1 – A story in black and white:
6 – Off Paleochora, Crete
I like these images for the frailty of the craft , , ,
5 – A weather series
Paihia, Bay of Islands. Time on my hands. I got interested: morning mist ‘burning off’ – sun, water, ripples, tide, little wind, and an island in the sun.
4 – Black and White
I am an eldest child. The problem with being an eldest child is that they like to stay first . . . meaning they like to get-things-right! . . . which is a complete pain because they don’t always get things right! I guess it makes them try harder – but then the second and third siblings are already doing that. My tongue trembles in my cheek – I don’t mean to make it sound like a competition. It’s more the way life is.
I find photography like that. I like to get it right and when I don’t I’m pretty fed up . . . but it does make me try harder. The problem is that few of us have instant talent. Most of us spend our lives struggling to reach some level of competence – struggling to be good enough . . . then a bit better.
I thought I’d take three colour images that I wasn’t happy with and see what they look like in black and white. I’m happy with the subjects. The problem is technique.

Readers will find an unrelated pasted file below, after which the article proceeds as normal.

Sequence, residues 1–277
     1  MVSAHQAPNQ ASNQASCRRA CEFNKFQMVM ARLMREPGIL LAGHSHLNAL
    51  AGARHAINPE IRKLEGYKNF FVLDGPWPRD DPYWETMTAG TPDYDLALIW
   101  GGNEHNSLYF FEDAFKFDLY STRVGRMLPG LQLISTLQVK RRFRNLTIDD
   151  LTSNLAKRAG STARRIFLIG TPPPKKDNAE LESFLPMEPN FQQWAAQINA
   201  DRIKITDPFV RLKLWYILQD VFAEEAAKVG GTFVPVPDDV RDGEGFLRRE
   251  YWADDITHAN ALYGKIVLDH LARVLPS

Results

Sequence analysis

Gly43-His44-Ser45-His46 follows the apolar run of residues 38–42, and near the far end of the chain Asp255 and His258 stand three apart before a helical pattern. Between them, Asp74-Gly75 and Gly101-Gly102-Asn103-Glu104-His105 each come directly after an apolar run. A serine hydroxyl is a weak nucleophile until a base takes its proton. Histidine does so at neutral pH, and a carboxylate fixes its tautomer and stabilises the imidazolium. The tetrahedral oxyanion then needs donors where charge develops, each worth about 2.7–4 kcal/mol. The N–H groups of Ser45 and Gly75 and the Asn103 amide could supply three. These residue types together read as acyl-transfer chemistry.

They are better in black and white.
(Images by Bill Whateley)
12 – The days of sail
There were other boats that made the passage into Cornwall exciting. I don’t know all their names but I enjoyed their presence and the past they represent:
11 – Falmouth Working Boats racing
I arrived in Falmouth around the middle of the day. The wind was quite strong and the water taxi not keen to go out, so I spent a very useful hour or two in the library at the Maritime Museum.
Out to the boat about 1600. The wind was easing. Early evening I had a privileged position. I only wish my photography was up to the evening light.
10 – Troy boats racing, Fowey
Photographing boats – I enjoy it and I know one or two others who look at this site do too. These are for you.
9 – The return to Plymouth
0600 last Wednesday
8 – Carrick Roads, On being Cornish
The buoy at Turnaware Point is some three miles from the entrance to Carrick Roads. In the distance is Pendennis Point and ‘a gateway to a boundless ocean’.